Study Title:

Risk of myocardial infarction in patients with psoriasis.

Study Abstract

CONTEXT:

Psoriasis is the most common T-helper cell type 1 (T(H)1) immunological disease. Evidence has linked T(H)1 diseases to myocardial infarction (MI). Psoriasis has been associated with cardiovascular diseases, but has only been investigated in hospital-based studies that did not control for major cardiovascular risk factors.
OBJECTIVE:

To determine if within a population-based cohort psoriasis is an independent risk factor for MI when controlling for major cardiovascular risk factors.
DESIGN, SETTING, AND PATIENTS:

A prospective, population-based cohort study in the United Kingdom of patients with psoriasis aged 20 to 90 years, comparing outcomes among patients with and without a diagnosis of psoriasis. Data were collected by general practitioners as part of the patient's medical record and stored in the General Practice Research Database between 1987 and 2002, with a mean follow-up of 5.4 years. Adjustments were made for hypertension, diabetes, history of myocardial infarction, hyperlipidemia, age, sex, smoking, and body mass index. Patients with psoriasis were classified as severe if they ever received a systemic therapy. Up to 5 controls without psoriasis were randomly selected from the same practices and start dates as the patients with psoriasis. A total of 556,995 control patients and patients with mild (n = 127,139) and severe psoriasis (n = 3837) were identified.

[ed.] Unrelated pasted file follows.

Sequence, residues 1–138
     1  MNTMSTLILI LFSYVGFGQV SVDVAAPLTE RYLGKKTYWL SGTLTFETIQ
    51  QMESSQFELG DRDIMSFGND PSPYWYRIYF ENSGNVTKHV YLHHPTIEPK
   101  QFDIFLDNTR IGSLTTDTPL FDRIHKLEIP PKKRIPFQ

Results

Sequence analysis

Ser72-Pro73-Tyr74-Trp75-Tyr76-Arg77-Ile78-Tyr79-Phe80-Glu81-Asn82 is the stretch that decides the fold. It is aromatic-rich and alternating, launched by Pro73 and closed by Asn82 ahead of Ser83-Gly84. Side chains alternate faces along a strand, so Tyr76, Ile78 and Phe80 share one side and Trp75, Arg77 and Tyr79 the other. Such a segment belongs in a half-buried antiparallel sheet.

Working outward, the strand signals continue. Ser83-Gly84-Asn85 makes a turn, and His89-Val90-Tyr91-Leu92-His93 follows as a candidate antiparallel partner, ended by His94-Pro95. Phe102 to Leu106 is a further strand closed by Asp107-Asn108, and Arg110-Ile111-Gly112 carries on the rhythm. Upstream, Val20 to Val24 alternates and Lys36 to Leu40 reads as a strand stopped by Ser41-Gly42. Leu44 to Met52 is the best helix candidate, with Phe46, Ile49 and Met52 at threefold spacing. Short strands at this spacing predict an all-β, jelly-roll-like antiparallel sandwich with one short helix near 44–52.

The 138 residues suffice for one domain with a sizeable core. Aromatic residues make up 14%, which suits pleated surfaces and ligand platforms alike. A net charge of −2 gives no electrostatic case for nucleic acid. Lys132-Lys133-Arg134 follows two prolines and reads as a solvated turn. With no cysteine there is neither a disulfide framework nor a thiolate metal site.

MAIN OUTCOME MEASURE:

Incident MI.
RESULTS:

There were 11,194 MIs (2.0%) within the control population and 2319 (1.8%) and 112 (2.9%) MIs within the mild and severe psoriasis groups, respectively. The incidences per 1000 person-years for control patients and patients with mild and severe psoriasis were 3.58 (95% confidence interval [CI], 3.52-3.65), 4.04 (95% CI, 3.88-4.21), and 5.13 (95% CI, 4.22-6.17), respectively. Patients with psoriasis had an increased adjusted relative risk (RR) for MI that varied by age. For example, for a 30-year-old patient with mild or severe psoriasis, the adjusted RR of having an MI is 1.29 (95% CI, 1.14-1.46) and 3.10 (95% CI, 1.98-4.86), respectively. For a 60-year-old patient with mild or severe psoriasis, the adjusted RR of having an MI is 1.08 (95% CI, 1.03-1.13) and 1.36 (95% CI, 1.13-1.64), respectively.
CONCLUSIONS:

Psoriasis may confer an independent risk of MI. The RR was greatest in young patients with severe psoriasis.

Study Information


Risk of myocardial infarction in patients with psoriasis.
JAMA.
2006 October

Full Study

https://www.ncbi.nlm.nih.gov/pubmed/17032986/